Composed by Christoph Willibald Gluck
Libretto written by Pierre-Louis Moline
Directed by Marshall Pynkoski
Choreographed by Jeannette Lajeunesse Zingg
Set design by Gerard Gauci
Lighting design by Kimberly Purtell
Featuring: Colin Ainsworth, Mireille Asselin, Anna-Julia David and Artists of the Atelier Ballet
David Fallis conducts the Tafelmusik Chamber Orchestra and Choir with members of the Nathaniel Dett Chorale
At the Elgin Theatre through November 1
In 1773, when Christoph Gluck found a patron in Paris to support his work he was overjoyed. Since writing his opera, Orpheus and Eurydice, a decade earlier with a libretto by Calzabighi, he had undergone profound re-thinking of what an opera should be. He was tired of the showy musical tropes used by contemporary composers hoping for a hit aria by way of a constantly repeated ritornello that either foreshadows or reminds us of the melody line constantly throughout the score. He rebelled against the overworked roulade and the composer who never met a cadenza that he didn’t like. He preferred lyricism over bombast.
The fact that his patron in Paris was none other than the Queen of France, Marie Antoinette, made it possible for him to exit the brittle confines of the Vienna school who had been cool to his opera a decade earlier and begin to rethink it anew. This “newness” was clearly on display opening night at the Elgin Theatre when Colin Ainsworth repeated his performance as Orpheus that so delighted audiences in 2007 when he originally performed the role in OA’s North American premiere of the work. In an elegant and understated performance, Ainsworth gives a bravura performance worthy of transportation to the Elysian Fields.
Equally so, Mireille Asselin as Eurydice has the exquisite presence and purity of delivery in her performance that makes the love story a truly believable one. No easy task within this consciously stylized framing of the piece.
But it is the Artists of the Atelier Ballet under the direction of Jeannette Lajeunesse Zingg who bring the whole production together from the scenes set in the Elysian Fields to the Underworld of Hades. Zingg is note perfect while being supported so sumptuously by the set and lighting designs by Gerard Gauci and Kimberly Purtell.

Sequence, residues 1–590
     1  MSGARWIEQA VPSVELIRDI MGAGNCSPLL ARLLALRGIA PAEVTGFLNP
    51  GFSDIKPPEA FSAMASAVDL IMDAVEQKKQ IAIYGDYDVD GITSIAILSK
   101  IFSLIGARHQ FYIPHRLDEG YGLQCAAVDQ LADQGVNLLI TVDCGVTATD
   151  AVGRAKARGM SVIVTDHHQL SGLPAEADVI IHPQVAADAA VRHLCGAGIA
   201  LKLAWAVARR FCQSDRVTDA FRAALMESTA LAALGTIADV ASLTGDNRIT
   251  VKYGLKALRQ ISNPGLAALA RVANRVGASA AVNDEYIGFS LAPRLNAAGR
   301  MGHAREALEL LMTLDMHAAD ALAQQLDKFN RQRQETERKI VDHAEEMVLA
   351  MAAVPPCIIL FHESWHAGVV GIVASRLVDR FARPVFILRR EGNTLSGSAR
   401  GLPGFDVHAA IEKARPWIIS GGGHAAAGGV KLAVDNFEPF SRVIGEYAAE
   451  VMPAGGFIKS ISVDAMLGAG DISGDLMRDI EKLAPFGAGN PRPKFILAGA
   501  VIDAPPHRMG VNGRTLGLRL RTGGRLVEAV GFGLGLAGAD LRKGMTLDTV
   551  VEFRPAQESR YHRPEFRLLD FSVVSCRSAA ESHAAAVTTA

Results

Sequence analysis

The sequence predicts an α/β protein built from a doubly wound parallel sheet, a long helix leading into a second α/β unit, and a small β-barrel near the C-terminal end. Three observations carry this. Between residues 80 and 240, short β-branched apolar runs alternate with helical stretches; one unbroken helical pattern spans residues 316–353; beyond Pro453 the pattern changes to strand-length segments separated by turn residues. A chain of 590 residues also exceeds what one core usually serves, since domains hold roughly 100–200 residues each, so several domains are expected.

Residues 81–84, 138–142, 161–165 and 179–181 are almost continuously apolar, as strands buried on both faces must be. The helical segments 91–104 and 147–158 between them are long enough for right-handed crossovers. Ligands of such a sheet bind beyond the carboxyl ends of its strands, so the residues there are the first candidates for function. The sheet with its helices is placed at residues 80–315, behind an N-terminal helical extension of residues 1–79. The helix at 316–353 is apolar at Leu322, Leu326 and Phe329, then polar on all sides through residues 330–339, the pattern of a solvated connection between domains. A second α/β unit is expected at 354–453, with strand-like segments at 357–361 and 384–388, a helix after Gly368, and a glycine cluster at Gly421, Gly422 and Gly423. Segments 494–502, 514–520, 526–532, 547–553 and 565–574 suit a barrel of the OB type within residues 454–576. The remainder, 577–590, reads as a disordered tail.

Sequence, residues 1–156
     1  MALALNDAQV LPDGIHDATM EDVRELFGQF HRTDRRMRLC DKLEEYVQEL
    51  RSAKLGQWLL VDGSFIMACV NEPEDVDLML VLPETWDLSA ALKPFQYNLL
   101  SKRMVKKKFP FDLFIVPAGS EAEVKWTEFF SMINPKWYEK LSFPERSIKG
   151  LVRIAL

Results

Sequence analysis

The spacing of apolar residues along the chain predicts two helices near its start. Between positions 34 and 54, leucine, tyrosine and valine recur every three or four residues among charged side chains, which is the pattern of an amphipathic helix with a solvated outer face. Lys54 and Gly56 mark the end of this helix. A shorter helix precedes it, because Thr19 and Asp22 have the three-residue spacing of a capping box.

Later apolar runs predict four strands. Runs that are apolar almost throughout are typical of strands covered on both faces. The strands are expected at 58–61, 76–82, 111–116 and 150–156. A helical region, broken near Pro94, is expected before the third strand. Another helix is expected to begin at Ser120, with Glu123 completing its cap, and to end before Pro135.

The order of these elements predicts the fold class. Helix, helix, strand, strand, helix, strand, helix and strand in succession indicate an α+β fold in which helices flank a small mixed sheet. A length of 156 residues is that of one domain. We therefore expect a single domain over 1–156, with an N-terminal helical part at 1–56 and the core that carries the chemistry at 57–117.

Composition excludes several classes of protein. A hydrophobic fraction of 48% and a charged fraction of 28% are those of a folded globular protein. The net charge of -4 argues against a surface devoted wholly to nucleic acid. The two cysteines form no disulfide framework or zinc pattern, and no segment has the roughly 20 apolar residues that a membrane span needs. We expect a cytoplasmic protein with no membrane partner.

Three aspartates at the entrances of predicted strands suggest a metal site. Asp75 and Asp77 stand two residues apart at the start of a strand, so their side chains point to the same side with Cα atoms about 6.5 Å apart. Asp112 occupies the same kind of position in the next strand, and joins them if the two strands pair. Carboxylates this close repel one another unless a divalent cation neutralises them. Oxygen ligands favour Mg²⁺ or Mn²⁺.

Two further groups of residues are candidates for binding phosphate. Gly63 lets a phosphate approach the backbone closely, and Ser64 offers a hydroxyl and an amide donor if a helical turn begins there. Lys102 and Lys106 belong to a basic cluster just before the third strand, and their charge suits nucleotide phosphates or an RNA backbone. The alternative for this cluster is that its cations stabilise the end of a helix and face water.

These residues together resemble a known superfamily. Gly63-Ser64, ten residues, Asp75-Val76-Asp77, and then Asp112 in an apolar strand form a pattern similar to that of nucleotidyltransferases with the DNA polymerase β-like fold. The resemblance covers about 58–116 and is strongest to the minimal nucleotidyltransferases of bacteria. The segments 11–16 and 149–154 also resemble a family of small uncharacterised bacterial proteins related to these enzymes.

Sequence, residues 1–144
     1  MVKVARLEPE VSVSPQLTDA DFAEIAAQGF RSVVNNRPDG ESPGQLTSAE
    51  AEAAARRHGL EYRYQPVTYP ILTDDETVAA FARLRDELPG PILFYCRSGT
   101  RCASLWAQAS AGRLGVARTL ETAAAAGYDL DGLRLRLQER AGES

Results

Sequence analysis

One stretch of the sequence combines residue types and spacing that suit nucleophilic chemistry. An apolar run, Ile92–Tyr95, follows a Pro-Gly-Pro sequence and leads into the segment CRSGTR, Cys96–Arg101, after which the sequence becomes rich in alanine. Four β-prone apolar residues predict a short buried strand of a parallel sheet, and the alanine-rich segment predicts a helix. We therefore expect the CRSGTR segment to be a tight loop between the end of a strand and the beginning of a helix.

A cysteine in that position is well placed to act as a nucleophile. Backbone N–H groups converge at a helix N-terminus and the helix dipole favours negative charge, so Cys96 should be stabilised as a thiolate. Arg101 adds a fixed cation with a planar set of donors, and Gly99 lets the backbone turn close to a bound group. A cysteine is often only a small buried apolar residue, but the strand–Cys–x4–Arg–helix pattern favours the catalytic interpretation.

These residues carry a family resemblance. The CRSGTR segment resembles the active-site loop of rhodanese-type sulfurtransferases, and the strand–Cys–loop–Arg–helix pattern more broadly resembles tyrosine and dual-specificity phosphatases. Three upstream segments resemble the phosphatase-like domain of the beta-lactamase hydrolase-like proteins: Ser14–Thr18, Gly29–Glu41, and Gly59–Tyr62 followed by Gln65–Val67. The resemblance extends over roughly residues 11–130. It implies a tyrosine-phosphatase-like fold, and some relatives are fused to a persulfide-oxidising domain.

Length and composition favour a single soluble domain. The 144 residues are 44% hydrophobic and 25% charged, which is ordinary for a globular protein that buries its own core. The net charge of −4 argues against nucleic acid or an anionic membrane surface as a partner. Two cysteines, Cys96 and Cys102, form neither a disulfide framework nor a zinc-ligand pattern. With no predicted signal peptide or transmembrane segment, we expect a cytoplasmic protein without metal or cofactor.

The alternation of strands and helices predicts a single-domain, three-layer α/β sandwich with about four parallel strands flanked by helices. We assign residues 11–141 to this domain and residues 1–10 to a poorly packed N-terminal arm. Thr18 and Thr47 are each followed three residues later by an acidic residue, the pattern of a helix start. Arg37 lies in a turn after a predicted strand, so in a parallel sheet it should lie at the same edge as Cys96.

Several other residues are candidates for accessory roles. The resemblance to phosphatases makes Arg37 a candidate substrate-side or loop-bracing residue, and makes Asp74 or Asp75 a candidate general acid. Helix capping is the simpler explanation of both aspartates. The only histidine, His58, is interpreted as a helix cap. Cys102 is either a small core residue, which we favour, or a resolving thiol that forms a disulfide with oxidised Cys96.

My only criticism here regards the overuse of the fog machine when Orpheus descends to the gates of Hell. Some members in the audience began to cough and I can’t imagine the effect was a great favorite with the singers and dancers either. We get it, Hell is smokey (so they say) but we can feel that by way of backlighting and haze projections.
There is one additional element that should be mentioned here that was critical to the work’s successful premiere at the Paris Opera in 1774, and that is the libretto written by the dramatist and poet, Pierre-Louis Moline. Moline was an interesting cultural figure of the day and an inspired choice to fulfill the role of librettist in the re-working of an earlier version by Calzabigi.
Being known and well liked by Parisian audiences (he remained popular through the French Revolution) Moline was able to provide a work that was sympathetic to the reformist visions that Gluck held about the opera form and that they both articulated in the form of a manifesto that was widely published at the time.
The result was a new kind of opera that did not sacrifice composition but that did concentrate on a full orchestral score throughout and the use of dancers that supported the story line and advanced the dramatic action. The recitatives in Orpheus and Eurydice comprise much more of the score than do chorus numbers. They are also supported by the full orchestra, unlike say Mozart in The Marriage of Figaro who had absolutely no interest in composing music for the recitatives and probably sub-contracted them out leaving the singers with accompaniment by a harpsichord perhaps aided by a cello if they were lucky.
Moline provided lyrics that were based in the modalities of the day and that could be performed as sung-through poetry. Gluck welcomed and respected the work of his colleague as an equal in the creation of the opera. A good thing to remember the next time you read about how the sins of a new musical theatre work are all laid at the feet of the librettist.
As fate would have it, I’m just now reading the concluding chapters of Stefan Zweig’s poignant 570 page biography of Marie Antoinette. When the former Hapsburg princess and now, by marriage of convenience, the Queen of France, commissioned Gluck to write Orpheus and Eurydice she was 19 years old and an accomplished musician herself by way of a singing voice and her ability to play piano and harp. In a program note by conductor David Fallis it is pointed out that the antique harp in the orchestra pit so artfully played by Julia Seager-Scott, is a close replica of the instrument that would have been found at the Palace of Versailles.
It must have been a great relief for the young Queen to become a patron of the arts and it marked the high point of her popularity. Although some purists might have bristled at the upbeat and thoroughly anachronistic ending that director Marshall Pynkoski so puckishly orchestrates to punctuate the opera’s finale, L’triomphe, with the use of the dancers and the chorus, I cannot help but think that Marie Antoinette would have been delighted to see such a happy ending.
Amour (played with an abundance of empathy by the wonderful soprano, Anna-Julia David) rewards Orpheus and restores life to Eurydice. Amour is such a useful character throughout the opera both by way of action and metaphor. Amour brings a message that is simple and very contemporary: love is better than hate and even at the eleventh hour it is sometimes possible to find a pathway out of a gated hell.